Automobiles: the AR15s of the road
Last week, Georgia Voice ran the following, anti-bike opinion piece by radio personality Melissa Carter:
Whenever I am stuck in traffic, I always assume a wreck is the cause. As I pass by any pile-up, I empathize with the potential victims and try to keep a calm head out of respect. But recently, I realized the nearly stand still traffic was being caused by a bicycle and my blood boiled.
I will honestly say that I do not believe in sharing the road. The weight of a car can be 4,000 pounds and a car can reach speeds well over 100 mph. In contrast, the average bicycle ways about 30 pounds and an average rider can only go about 20 mph.
But somehow we have decided that the way to coexist is to travel the same roads together in harmony. However, the burden of traveling safely together ultimately depends on the driver slowing down, swerving over, etc., in an effort not to mortally wound this soul who is inching up a hill on Roswell Road during rush hour.
Often, I see a bicyclist merge into existing traffic and block a lane while holding his or her hand out impatiently for us to slow down as if we “car people” are the problem. And if you come up on a pack of riders, it is even worse since they have no problem riding side by side and taking up an entire lane.
I’ve even been shocked while waiting for a light to turn green to see bicyclists whizzing by my window navigating between cars. Apparently they don’t have to wait for the light to actually turn green if they decide that there are no cars coming.
Once, I saw a cyclist who did decide to wait on the light actually lean on my car for support until the light turned green. I fought the urge to get out and explain that I was not his pace car and taking a break on my car so that he didn’t have to clip out at the light was not part of our deal.
This arrogance increases threefold if a cyclist is “sponsored.” Apparently, a jersey that has a logo or two on it along with the aerodynamic Tour de France helmet translates to some extra level of ownership of the asphalt. Sometimes they seem to be tempting someone to hit them.
It does not look like Atlanta will ever create enough bike paths to get cyclists off the main roads. But I do believe there is a solution that would at least make me feel like drivers and cyclists were being treated a little more fairly.
I want everyone who wants to put their bikes on the main road to get a license and a tag. That certainly isn’t a new idea. A similar effort took place last year in Oregon when a proposed ballot measure sought to create a bicycle education program for people who have not taken the Oregon driver’s test. It would also mandate more police enforcement of traffic laws for cyclists.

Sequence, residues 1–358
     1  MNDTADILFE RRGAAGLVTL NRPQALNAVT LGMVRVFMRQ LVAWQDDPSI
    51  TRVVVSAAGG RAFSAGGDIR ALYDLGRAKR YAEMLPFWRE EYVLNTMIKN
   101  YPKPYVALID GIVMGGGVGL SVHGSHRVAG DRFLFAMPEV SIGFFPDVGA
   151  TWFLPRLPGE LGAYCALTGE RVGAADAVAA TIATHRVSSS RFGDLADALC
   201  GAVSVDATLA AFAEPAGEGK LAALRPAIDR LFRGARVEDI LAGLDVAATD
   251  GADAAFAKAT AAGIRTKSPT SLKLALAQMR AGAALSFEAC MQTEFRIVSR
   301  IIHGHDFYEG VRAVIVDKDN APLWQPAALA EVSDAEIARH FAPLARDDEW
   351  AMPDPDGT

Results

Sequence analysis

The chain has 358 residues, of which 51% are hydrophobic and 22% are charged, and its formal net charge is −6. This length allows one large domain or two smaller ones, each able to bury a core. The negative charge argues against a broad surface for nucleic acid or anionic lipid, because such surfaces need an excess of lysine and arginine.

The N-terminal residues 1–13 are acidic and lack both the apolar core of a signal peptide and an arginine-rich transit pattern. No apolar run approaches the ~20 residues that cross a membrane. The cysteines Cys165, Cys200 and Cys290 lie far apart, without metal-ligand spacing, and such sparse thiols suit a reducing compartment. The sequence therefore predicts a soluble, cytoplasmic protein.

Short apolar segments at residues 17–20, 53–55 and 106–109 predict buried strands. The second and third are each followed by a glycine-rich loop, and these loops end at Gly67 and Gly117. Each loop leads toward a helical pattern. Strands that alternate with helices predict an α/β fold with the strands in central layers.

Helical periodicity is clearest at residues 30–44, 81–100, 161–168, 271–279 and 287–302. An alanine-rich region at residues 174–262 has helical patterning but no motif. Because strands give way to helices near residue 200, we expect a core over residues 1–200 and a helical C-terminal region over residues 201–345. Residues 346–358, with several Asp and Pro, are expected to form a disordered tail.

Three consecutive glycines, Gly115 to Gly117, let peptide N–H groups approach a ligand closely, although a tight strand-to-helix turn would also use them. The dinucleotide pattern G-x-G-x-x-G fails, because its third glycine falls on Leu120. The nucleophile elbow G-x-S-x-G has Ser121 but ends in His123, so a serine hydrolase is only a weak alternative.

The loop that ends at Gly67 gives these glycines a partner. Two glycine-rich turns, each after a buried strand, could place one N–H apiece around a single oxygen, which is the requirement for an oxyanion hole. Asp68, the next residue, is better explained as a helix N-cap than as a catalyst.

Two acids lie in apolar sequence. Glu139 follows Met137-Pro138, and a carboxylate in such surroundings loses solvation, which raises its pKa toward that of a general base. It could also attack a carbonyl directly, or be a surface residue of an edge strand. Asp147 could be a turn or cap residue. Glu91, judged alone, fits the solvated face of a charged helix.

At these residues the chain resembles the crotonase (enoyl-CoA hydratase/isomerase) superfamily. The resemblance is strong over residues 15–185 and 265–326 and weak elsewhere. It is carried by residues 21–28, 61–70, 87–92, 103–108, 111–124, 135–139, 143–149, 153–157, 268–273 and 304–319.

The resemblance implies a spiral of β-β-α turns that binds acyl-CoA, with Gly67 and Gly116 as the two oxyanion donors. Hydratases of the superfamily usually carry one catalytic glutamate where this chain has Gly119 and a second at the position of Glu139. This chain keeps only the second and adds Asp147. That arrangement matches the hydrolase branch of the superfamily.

To pay for the new bicycle-specific testing and the enforcement, the measure would have required a fee for the endorsement test and registration via a license plate for all bicycles in Oregon.
By having license plates on the bikes, the hope is that this would lead to more responsible behavior and make it easier to hold riders accountable for their actions.
At least if I were behind a cyclist with a license plate, I would know that my extra ten minutes in traffic were the result of some effort on the part of the rider and not just a flippant disregard for all the other tax paying citizens on the road who are doing their best to dodge them.
To truly share the road, we must all share the responsibility for being in each other’s path.
Dear Melissa –
Stay in your lane, lady! You do a lot of good things with charity, but you need to stick with what you know. For starters, a cyclist gets the lane. The whole lane, whether they are riding in a pack or not, that’s for their safety. And the percentage of “sponsored” cyclists, like your friend and former coworker Jeff Dauler who recently took up competing in triathlons, is just a tiny portion of riders out on the road. The vast majority rely on their bikes as their primary form of transportation for school or work, and a lot of them are the LGBT youth that you help with your own charity work, people who can’t afford cars, let alone burdening them with licensing.
Do you know why the burden of safety falls on the driver, Melissa? Because, just like you pointed out, the car you’re in weighs 4,000 pounds and is traveling at high speeds. Drivers are hurtling a death machine down the road that, by Georgia law, must be shared with bikes, which are restricted from the sidewalk, even though we all know the metro area isn’t known for its sidewalks. And requiring cyclists to take a class and get licensed is the equivalent of having people who live in high crime areas get licensed in case they get shot and letting gun owners get off for accidentally discharging their gun.
Why do you think the ballot measure in Oregon failed, a state with a whole heck of a lot of cyclists?
Because it’s a stupid idea.
It’s this sort of nonsense that prevents us from moving forward. Riding a bike on the road can be nerve-wracking because of people like you, Melissa, who think they are entitled to the roads that we all pay for with our tax dollars, even the folks on bikes. I challenge you to get on a bike and try it some time. Ride down Roswell Road, take one of the cycling classes for women at ABC, and donate to the groups that work to elevate the cause of cycling and make it easier for people to get involved and get around by bicycle.
Now for the news!
Glynn County can’t afford the planned bike path on St. Simons island.
Gov. Deal is opposed to repealing the TSPLOST penalty for regions that did not pass the one cent sales tax last July.
Traffic deaths are up 5% nationwide, including cyclist and pedestrian fatalities. I guess we should start requires pedestrians to get licenses to walk, too?